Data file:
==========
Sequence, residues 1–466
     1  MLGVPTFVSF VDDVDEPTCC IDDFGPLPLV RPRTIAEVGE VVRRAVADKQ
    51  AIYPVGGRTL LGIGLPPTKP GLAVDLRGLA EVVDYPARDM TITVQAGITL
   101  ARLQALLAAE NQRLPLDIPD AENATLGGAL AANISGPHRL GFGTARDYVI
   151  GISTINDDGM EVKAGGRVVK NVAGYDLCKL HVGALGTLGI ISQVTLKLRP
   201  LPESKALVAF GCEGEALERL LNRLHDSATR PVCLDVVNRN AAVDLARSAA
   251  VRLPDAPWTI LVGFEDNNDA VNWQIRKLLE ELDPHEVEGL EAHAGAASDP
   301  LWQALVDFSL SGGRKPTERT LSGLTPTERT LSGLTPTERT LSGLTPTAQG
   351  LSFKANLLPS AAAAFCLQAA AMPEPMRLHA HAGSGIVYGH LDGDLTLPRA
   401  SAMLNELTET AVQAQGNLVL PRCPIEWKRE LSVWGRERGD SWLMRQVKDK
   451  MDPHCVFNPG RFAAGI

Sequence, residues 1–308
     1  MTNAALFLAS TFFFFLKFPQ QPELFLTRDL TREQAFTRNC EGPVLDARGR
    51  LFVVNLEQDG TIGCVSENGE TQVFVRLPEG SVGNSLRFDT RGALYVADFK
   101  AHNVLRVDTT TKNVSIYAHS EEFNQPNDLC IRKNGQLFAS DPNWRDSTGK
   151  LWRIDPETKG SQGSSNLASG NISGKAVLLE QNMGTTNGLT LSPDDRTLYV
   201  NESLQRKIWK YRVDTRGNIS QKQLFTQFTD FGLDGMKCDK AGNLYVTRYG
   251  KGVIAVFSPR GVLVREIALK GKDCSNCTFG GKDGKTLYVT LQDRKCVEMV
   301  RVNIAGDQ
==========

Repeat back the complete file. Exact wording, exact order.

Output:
Sequence, residues 1–466
     1  MLGVPTFVSF VDDVDEPTCC IDDFGPLPLV RPRTIAEVGE VVRRAVADKQ
    51  AIYPVGGRTL LGIGLPPTKP GLAVDLRGLA EVVDYPARDM TITVQAGITL
   101  ARLQALLAAE NQRLPLDIPD AENATLGGAL AANISGPHRL GFGTARDYVI
   151  GISTINDDGM EVKAGGRVVK NVAGYDLCKL HVGALGTLGI ISQVTLKLRP
   201  LPESKALVAF GCEGEALERL LNRLHDSATR PVCLDVVNRN AAVDLARSAA
   251  VRLPDAPWTI LVGFEDNNDA VNWQIRKLLE ELDPHEVEGL EAHAGAASDP
   301  LWQALVDFSL SGGRKPTERT LSGLTPTERT LSGLTPTERT LSGLTPTAQG
   351  LSFKANLLPS AAAAFCLQAA AMPEPMRLHA HAGSGIVYGH LDGDLTLPRA
   401  SAMLNELTET AVQAQGNLVL PRCPIEWKRE LSVWGRERGD SWLMRQVKDK
   451  MDPHCVFNPG RFAAGI

Sequence, residues 1–308
     1  MTNAALFLAS TFFFFLKFPQ QPELFLTRDL TREQAFTRNC EGPVLDARGR
    51  LFVVNLEQDG TIGCVSENGE TQVFVRLPEG SVGNSLRFDT RGALYVADFK
   101  AHNVLRVDTT TKNVSIYAHS EEFNQPNDLC IRKNGQLFAS DPNWRDSTGK
   151  LWRIDPETKG SQGSSNLASG NISGKAVLLE QNMGTTNGLT LSPDDRTLYV
   201  NESLQRKIWK YRVDTRGNIS QKQLFTQFTD FGLDGMKCDK AGNLYVTRYG
   251  KGVIAVFSPR GVLVREIALK GKDCSNCTFG GKDGKTLYVT LQDRKCVEMV
   301  RVNIAGDQ